While the place never seemed too crowded, it was sometimes chaotic, and alot of the official show signage had an improvised ad hoc quality to it. Nobody got lost, I’m sure, and they were handing out maps in the program at the door, but there was still an overwhelming feeling of the crowd and busy-ness that verged on panic. Maybe this was just confined to my own experience since I only spent about 3 frantic hours walking the floor and buying things, and I’m sure I missed tons of books and people. It was easy to get distracted but since this often led to enriching chance encounters such as meeting Robert Haines from the Shusters in Seth’s signing line or repeatedly bumping into my writer friend Robert Pincombe or discovering the extremely bizarre and funny collection of rejected comic strips on offer from Jay Stephens, I wouldn’t have traded my experience for anything.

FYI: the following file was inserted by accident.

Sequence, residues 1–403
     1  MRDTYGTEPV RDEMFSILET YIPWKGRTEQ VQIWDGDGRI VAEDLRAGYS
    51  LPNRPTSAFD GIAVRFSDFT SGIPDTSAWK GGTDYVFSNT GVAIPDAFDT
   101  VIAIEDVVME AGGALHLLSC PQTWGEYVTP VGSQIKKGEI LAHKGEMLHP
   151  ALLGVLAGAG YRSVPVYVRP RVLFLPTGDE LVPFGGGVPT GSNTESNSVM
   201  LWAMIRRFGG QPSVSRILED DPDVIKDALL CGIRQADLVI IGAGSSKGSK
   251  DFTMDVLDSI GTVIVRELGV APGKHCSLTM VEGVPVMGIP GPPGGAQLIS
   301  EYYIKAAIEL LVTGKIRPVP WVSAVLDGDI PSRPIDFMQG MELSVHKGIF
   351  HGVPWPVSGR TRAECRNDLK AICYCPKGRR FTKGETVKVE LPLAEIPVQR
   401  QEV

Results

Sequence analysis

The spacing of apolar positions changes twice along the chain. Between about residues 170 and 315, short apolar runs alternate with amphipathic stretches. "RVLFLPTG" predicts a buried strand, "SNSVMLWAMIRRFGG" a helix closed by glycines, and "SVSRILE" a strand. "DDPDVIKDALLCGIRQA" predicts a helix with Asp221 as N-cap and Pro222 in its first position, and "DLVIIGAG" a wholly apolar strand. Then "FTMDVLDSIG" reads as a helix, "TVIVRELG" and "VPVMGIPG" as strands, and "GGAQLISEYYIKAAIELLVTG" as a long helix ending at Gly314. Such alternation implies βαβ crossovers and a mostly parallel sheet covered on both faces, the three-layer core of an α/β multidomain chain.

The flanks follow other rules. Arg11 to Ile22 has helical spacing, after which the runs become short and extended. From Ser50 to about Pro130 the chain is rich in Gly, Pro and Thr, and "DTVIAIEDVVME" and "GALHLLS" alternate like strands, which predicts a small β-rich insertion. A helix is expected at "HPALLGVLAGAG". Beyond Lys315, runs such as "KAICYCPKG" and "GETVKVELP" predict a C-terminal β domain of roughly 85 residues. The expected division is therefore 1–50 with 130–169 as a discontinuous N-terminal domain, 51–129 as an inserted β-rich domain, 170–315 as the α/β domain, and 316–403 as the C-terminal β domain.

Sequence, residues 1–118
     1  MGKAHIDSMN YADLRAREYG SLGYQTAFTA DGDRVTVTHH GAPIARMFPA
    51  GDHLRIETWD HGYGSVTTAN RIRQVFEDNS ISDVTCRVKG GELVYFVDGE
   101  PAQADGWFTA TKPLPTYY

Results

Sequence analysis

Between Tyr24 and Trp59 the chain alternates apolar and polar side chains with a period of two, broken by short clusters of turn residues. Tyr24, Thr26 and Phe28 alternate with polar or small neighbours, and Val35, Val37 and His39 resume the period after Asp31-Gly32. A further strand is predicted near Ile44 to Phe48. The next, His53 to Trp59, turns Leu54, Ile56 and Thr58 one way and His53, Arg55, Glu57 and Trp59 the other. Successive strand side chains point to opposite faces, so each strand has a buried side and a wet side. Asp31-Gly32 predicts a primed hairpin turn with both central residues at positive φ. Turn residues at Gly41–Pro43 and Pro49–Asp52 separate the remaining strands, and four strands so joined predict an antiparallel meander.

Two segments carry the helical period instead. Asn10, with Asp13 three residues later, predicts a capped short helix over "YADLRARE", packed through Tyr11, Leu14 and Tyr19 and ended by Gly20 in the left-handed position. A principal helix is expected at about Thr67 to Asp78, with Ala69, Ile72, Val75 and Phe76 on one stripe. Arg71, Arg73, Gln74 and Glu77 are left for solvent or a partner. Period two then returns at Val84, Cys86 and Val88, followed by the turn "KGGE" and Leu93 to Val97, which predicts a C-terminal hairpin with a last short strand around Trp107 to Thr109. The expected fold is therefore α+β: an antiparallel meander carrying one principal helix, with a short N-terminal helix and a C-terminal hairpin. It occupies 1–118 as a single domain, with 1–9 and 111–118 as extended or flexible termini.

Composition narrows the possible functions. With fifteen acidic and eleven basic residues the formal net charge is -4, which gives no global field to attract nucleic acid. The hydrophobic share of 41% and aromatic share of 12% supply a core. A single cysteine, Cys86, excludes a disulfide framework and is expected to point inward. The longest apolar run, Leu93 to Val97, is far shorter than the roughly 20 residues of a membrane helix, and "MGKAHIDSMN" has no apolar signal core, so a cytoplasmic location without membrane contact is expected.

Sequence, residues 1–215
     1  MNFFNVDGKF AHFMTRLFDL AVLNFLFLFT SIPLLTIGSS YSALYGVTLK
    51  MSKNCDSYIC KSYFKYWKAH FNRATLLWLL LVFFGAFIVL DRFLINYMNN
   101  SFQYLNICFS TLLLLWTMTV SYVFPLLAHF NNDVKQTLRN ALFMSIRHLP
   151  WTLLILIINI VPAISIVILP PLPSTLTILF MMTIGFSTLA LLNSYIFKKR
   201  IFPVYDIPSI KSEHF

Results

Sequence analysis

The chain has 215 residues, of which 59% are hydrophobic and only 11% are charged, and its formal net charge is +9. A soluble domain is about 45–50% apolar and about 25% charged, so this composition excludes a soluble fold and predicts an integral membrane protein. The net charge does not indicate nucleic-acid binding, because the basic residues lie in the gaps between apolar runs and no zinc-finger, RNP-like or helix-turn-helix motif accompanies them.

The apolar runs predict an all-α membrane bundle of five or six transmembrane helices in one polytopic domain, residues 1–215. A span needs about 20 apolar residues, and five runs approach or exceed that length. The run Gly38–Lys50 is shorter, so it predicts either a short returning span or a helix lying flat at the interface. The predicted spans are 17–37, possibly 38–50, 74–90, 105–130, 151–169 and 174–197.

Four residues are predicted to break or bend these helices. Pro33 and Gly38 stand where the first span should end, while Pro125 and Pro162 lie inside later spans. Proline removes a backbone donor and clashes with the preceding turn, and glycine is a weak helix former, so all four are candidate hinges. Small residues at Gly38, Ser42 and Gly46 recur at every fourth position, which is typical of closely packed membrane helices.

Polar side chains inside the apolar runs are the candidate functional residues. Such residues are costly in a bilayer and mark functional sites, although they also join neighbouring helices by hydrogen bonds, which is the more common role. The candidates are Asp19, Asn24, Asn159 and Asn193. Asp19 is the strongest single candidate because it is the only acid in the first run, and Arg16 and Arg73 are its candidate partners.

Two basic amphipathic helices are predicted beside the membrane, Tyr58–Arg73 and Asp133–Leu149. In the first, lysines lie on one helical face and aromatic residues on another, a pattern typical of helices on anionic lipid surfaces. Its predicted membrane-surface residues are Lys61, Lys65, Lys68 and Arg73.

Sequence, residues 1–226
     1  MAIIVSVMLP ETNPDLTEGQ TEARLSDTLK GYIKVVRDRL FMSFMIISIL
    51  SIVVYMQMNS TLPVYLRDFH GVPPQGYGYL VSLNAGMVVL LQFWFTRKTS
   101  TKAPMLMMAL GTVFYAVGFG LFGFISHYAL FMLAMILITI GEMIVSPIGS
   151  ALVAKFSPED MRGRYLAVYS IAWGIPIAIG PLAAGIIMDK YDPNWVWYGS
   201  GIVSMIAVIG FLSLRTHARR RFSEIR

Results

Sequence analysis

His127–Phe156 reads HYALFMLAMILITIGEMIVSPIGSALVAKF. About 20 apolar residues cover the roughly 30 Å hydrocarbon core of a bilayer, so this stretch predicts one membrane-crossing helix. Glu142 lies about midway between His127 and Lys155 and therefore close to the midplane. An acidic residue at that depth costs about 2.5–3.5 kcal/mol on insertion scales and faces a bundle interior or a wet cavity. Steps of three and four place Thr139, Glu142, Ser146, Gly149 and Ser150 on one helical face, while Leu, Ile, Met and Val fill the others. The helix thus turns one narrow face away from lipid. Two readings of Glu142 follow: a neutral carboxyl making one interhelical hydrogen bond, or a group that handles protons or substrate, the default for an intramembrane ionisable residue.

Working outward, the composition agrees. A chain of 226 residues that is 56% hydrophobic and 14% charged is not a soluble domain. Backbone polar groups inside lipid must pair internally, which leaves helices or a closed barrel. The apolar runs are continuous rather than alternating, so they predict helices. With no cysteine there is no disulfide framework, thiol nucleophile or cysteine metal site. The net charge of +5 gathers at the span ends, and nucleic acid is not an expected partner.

• Overall feel and guests. Was it a good show? I think so. The excitement and enthusiasm was palpable throughout the space and often even the least well-known artists were swarmed and had people lining up, to say nothing of the giant crowds on hand for Kate Beaton, Dan Clowes, etc. Most exhibitors I talked to reported a huge crowd on Saturday and brisk sales, with a slower Mother’s Day vibe on Sunday. The only sell-out I am aware of was the new Jim Woodring book, Weathercraft, at the Fantagraphics table. And the only reason I know it sold out was because I didn’t get one myself and was extremely jealous of the signed Woodring sketch Portland, Oregon cartoonist Angie Wang showed me in her copy.Luckily, I was able to chat with one of my all-time favourite artists period ‘Gentleman’ Jim Woodring briefly Saturday night and again at the end of the show Sunday (note: it is very likely he considers me a cynical, anti-Buddhist wanker, but I insist I retain an open mind and a sense of wonder, despite my general asshole-ish demeanor), which brings up another point about the accessibility of artists at the show. Everyone seemed more-or-less laid back and it was a very social environment. Both the older generation of established ‘stars’ and the super-popular tyros gamely engaged with the festival on its own terms. Cartoonists are notoriously polite and the TCAF attendees proved no exception in that regard –everyone offered to inscribe their books and patiently answered questions and talked about their work and the work of others. It was one big love-in, really, and the handful of U.S. arts comics darlings (Woodring, Clowes, Sturm, Shaw, Pope, etc), Larry Marder, Charles Vess, and others, added a very specific type of star power that I can’t really find anything negative to say about, since they were so tastefully selected and I love aspects of all their work (well, I’m not a big Charles Vess fan, but maybe I’m not trying hard enough?).